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Why You Might Experience Loss of Appetite in Early Pregnancy (and Beyond)

It can be concerning when your appetite suddenly goes on vacation during pregnancy. Here’s what’s normal—and what’s not.
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Published June 10, 2024
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Pregnancy has a reputation for making expectant moms and pregnant people hungrier than usual, so it can be surprising when you’re suddenly not as into food as you once were. But loss of appetite in early pregnancy (or later on in the journey!) can happen—and it’s more common than many people realize.

There’s no need to panic if you feel like you have no appetite during pregnancy, but it’s definitely something to bring up with your doctor at your next appointment. Here, experts explain what could be causing your loss of appetite in the first, second and third trimester.

Is Loss of Appetite Normal in Pregnancy?

Despite all the talk about “eating for two” during this time, loss of appetite while pregnant is normal. “There are a lot of things that can cause this,” says G. Thomas Ruiz, MD, lead ob-gyn at MemorialCare Orange Coast Medical Center in Fountain Valley, California. Nausea and baby taking up space in your abdominal area are two of the main reasons why you might not be hungry. But, remember, every person—and every phase of pregnancy—is different. Read on to learn more about why you might experience loss of appetite in different trimesters through pregnancy.

Is loss of appetite a sign of pregnancy?

There are a lot of different things that are signs of pregnancy, including having tender breasts and experiencing nausea. But is loss of appetite a sign of pregnancy? “Loss of appetite can be a sign of pregnancy,” says Jennifer Wu, MD, an ob-gyn at Northwell Lenox Hill Hospital in New York City. “It’s just not one of the most common signs.”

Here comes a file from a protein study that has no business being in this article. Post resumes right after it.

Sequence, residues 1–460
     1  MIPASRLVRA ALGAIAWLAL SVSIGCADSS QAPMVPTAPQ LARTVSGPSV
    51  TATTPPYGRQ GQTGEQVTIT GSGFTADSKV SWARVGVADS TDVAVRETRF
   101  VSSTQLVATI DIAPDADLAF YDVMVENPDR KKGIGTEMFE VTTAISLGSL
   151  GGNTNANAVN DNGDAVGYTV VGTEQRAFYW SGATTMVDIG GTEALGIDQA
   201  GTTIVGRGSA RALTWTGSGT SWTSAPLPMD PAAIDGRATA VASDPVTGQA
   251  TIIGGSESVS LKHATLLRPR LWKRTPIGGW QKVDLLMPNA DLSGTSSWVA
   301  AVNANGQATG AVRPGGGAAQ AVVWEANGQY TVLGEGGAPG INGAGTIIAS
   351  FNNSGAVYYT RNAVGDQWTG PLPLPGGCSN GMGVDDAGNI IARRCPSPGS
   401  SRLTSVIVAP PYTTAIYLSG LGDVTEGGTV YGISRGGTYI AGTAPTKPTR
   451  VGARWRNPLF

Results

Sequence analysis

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Why You Might Experience Loss of Appetite in the First Trimester

Your appetite may change throughout pregnancy, and the reasons can vary by trimester. “During the first trimester, it’s not unusual that a patient will have a lot of morning sickness or all-day sickness where they don’t feel like eating,” Wu says.

Food aversions, which happen when you have a strong dislike for a food, are also common in the first trimester and can throw your appetite off, Ruiz adds.

Why You Might Experience Loss of Appetite in the Second Trimester

The second trimester has a reputation for being the best part of pregnancy, because morning sickness tends to fade by then. But it’s still possible to have a loss of appetite during this time. Unfortunately, for some, these aversions can last beyond the first trimester—and even for the entire pregnancy, Wu says. At the same time, pregnancy hormones can slow down how fast food moves through your gut. “That can make you feel less hungry,” Ruiz adds.

Why You Might Experience Loss of Appetite in the Third Trimester